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A Russian diplomat quit his post in a daring anti-Kremlin walkout on Monday as he condemned Vladimir Putin for trying to stay in power by unleashing an “aggressive war in Ukraine”.
Boris Bondarev, a counsellor at the Russian permanent mission to the UN in Geneva, told The Telegraph he felt it was his moral duty to take a stand against the Putin regime.
“I couldn’t take it any longer,” the spectacled 41-year-old career diplomat said.
“I should have done it at the start [of the war] but not everyone is a hero.”
The counsellor’s dramatic exit represents the first high-profile defection by a Russian diplomat since the start of the Ukrainian invasion.
Mr Bondarev, who graduated from the prestigious Moscow university that trains diplomats, worked at the Russian foreign ministry for two decades before he handed in his damning resignation letter on Monday, before sharing it on social media.
‘I feel disgusted to represent Russia’
“For 20 years of my diplomatic career I have seen different turns of our foreign policy, but never have I been so ashamed of my country as on February 24 of this year. The aggressive war unleashed by Putin against Ukraine, and in fact against the entire Western world, is not only a crime against the Ukrainian people, but also, perhaps, the most serious crime against the people of Russia.”
Mr Bondarev told The Telegraph he felt “disgusted” representing Russia abroad after President Putin ordered the invasion of Ukraine.
An article about “crimes against humanity” committed by the Ukrainian government in the country’s east has been leading the official website of Russia’s mission to the UN.
Mr Bondarev has specialised in nuclear non-proliferation for the better part of the past decades. He is now horrified by how lightly Russian officials raise the prospect of deploying nuclear weapons.
“It really is chilling. All of this talk is just a nightmare.”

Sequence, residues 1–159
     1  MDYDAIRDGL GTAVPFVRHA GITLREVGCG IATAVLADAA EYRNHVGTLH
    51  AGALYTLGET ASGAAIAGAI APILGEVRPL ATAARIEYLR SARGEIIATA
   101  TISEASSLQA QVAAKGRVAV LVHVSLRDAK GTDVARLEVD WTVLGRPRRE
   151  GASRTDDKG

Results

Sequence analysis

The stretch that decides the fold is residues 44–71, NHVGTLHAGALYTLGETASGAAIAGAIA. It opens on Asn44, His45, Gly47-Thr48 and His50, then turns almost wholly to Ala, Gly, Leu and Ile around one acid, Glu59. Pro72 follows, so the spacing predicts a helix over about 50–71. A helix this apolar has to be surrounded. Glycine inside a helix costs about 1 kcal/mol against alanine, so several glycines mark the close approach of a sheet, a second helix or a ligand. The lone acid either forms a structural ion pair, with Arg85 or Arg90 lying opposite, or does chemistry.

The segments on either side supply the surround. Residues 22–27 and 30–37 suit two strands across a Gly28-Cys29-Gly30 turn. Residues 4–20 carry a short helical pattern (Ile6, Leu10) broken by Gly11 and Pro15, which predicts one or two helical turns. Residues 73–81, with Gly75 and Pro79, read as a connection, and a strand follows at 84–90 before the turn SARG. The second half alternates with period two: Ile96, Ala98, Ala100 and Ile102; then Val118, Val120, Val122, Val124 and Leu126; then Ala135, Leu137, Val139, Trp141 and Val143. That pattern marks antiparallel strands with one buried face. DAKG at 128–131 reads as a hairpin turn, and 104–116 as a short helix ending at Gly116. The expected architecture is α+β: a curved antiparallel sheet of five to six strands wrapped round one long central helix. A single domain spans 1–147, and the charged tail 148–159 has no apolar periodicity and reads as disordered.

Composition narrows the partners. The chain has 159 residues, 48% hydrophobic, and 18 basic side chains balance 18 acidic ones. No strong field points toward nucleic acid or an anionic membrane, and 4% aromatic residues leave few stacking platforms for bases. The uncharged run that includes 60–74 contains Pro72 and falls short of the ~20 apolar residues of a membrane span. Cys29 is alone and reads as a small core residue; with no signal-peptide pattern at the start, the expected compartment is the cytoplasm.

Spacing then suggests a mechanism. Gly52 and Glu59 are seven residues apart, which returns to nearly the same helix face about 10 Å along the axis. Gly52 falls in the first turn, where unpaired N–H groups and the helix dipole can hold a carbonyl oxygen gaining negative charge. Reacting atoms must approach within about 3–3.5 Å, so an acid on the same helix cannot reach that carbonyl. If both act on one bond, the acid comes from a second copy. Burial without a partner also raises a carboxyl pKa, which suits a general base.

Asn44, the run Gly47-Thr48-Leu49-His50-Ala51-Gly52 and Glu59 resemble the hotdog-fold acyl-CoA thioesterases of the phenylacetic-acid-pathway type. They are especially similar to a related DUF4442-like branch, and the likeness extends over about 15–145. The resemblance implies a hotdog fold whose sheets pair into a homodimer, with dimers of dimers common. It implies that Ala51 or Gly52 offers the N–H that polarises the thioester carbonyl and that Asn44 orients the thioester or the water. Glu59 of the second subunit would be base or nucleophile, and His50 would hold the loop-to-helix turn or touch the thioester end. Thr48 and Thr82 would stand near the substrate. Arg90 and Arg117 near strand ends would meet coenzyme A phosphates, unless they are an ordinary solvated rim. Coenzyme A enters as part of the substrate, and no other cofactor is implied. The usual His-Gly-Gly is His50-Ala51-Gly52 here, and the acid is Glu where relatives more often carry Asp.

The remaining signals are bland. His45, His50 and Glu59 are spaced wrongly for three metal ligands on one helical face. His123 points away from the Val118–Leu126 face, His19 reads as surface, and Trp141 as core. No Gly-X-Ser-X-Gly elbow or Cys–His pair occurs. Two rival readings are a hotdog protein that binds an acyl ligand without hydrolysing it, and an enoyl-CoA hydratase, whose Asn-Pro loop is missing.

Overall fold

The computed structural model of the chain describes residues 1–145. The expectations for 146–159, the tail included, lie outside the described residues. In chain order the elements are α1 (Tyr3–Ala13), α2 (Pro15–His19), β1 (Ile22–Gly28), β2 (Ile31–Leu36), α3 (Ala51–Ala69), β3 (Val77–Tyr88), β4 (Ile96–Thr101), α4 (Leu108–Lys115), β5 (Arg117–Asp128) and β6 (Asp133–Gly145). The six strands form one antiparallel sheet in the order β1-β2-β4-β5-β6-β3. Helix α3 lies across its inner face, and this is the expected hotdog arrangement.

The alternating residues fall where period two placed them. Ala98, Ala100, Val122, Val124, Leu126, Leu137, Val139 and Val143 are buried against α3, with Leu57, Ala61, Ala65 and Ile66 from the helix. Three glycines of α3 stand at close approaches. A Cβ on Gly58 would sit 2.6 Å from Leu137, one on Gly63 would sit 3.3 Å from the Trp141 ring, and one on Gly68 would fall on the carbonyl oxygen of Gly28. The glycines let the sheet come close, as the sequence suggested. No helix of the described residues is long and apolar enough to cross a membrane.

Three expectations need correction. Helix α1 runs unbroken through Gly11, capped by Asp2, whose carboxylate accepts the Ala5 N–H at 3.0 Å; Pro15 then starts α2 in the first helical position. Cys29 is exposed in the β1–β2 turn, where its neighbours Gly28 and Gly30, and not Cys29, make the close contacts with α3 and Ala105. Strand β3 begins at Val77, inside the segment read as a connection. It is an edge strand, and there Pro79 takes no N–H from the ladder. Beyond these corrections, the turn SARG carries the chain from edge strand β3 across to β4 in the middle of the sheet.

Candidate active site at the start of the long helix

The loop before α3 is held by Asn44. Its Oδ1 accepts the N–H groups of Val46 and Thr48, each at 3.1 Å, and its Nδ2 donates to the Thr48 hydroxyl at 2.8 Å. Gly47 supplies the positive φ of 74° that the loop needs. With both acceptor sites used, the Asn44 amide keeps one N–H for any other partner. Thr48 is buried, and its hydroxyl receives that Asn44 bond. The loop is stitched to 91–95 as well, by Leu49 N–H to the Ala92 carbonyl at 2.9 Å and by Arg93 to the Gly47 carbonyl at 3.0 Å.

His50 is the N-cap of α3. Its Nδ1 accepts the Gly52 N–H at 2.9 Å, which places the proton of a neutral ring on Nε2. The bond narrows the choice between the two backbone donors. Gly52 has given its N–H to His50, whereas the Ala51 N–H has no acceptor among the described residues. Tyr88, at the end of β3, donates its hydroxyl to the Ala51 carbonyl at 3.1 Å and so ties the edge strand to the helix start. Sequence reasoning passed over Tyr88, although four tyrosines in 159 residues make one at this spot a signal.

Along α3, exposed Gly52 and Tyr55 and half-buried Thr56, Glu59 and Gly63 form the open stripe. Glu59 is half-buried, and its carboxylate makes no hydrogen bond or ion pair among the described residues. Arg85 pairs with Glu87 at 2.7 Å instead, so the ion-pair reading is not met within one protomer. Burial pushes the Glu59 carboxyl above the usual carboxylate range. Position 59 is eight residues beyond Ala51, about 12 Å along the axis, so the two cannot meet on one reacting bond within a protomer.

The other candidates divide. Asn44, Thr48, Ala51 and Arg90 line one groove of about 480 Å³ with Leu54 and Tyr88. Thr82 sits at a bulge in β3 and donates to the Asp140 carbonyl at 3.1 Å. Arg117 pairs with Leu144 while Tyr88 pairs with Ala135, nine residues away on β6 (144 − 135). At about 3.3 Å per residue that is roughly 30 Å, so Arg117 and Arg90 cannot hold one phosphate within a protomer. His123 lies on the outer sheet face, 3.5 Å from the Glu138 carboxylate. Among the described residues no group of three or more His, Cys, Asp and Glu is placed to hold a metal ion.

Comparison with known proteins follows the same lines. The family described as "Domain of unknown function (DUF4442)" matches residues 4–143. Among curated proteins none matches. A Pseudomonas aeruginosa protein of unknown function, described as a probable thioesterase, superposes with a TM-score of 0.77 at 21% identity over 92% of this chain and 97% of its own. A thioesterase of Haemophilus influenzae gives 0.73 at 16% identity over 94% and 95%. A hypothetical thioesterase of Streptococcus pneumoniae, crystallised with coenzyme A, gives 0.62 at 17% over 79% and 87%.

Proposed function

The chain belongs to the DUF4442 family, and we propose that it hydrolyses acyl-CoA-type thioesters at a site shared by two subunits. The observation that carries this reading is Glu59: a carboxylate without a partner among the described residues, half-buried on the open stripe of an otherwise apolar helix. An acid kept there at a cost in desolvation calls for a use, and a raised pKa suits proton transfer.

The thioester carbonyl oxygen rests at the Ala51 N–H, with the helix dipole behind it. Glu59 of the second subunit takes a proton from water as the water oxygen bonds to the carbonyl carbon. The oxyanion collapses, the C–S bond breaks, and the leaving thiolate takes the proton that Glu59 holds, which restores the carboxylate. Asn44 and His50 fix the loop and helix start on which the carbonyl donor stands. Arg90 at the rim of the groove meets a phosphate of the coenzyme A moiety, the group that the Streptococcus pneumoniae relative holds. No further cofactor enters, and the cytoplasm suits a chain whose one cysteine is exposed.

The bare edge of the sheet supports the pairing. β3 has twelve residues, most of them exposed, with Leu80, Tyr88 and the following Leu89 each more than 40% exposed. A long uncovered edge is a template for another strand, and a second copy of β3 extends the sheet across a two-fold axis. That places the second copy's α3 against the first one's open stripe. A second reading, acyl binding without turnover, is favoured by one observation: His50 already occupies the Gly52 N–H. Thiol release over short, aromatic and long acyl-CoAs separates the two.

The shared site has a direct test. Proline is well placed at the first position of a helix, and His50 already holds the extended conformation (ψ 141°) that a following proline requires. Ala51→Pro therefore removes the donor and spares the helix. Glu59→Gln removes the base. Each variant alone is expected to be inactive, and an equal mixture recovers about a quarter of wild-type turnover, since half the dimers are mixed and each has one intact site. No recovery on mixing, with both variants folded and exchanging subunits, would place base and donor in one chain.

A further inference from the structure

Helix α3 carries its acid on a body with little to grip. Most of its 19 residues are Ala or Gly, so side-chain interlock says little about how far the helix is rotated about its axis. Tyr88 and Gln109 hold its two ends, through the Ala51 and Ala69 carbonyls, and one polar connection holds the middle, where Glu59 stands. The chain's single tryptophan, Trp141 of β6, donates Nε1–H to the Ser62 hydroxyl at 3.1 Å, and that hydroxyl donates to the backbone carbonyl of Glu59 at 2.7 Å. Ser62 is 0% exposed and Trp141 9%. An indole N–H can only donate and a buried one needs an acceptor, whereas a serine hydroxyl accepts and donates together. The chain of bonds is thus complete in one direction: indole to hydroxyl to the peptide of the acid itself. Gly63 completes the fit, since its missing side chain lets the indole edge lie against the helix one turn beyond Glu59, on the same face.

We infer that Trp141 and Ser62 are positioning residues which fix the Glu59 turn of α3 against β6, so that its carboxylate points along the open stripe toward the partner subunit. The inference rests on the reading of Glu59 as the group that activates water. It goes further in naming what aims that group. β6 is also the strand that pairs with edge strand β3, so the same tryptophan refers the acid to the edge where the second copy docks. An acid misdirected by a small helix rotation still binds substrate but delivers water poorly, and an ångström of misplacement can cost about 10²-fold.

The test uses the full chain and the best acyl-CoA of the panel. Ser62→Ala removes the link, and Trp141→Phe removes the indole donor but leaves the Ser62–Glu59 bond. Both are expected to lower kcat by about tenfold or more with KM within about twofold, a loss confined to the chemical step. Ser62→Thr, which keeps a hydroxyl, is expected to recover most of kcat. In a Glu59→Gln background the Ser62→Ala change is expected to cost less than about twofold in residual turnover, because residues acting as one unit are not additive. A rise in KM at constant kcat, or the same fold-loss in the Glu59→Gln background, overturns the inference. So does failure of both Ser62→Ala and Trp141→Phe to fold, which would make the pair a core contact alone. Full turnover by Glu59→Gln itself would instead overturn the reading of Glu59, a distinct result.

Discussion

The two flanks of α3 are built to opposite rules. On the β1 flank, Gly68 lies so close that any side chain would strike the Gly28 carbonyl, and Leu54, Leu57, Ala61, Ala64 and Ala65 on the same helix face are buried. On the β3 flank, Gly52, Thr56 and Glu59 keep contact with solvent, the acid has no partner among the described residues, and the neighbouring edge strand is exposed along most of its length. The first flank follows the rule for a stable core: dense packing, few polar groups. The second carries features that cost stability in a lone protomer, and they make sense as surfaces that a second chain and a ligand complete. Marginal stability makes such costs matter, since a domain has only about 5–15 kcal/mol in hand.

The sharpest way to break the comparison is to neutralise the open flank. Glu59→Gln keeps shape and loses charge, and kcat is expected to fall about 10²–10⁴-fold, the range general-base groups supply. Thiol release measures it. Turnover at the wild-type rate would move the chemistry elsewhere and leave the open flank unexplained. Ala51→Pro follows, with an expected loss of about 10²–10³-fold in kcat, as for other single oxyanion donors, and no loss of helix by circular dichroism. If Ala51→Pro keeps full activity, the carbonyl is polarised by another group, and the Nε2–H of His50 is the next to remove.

Several of Mr Bondarev’s acquaintances have quietly quit their jobs at the ministry since the start of the invasion, he said, as a great number of Russian diplomats, even those who make hawkish statements in the media, are privately appalled by the brutal war in Ukraine and the ministry’s role in making up excuses for apparent war crimes.
“What’s the point in our work when the Russian president is the only ‘diplomat’ in this country and he ‘knows better’?” Mr Bondarev said.
“All diplomats should have asked themselves that and maybe quit.”
The counsellor recalls how Sergei Lavrov, Russia’s foreign minister, used to be a role model for several generations of Russian diplomats who respected him for his craft and good manners before undergoing a “deplorable evolution to become a person who spurts out utter nonsense” and bringing in notorious figures like spokeswoman Maria Zakharova, famous for her decidedly undiplomatic language.
Wave of anti-war protests
Russia’s invasion of Ukraine has triggered a wave of anti-war protests and sent thousands of Russian dissidents into exile. Some of Russia’s best-known artists, singers and filmmakers have spoken out against Putin’s aggression, only to be blacklisted or threatened with criminal charges.
Russia media speculated that many senior figures in the government, including liberal-leaning officials like the Central Bank chief, have been privately grumbling about the invasion but none have taken a public stand.
Russian opposition figures in exile such as Lyubov Sobol, a close ally of jailed opposition leader Alexei Navalny, praised the diplomat for “the right words”.
Mr Bondarev told The Telegraph he had been crafting his statement for weeks as he was trying to come to terms with the fact that he would likely be dismissed by the Russian state as a traitor, and his diplomatic career of 20 years was going to be over.
“It would be a badge of honour,” he said when asked about accusations of betraying the Kremlin.
“I have done my duty as a citizen as I see it - probably for the first time in my 41 years.”
The diplomat, who has been living in Geneva since 2019, has no immediate plans and has no idea what kind of backlash to expect at home.
“The most important thing is that my cat is safe,” he told The Telegraph when asked about his security concerns.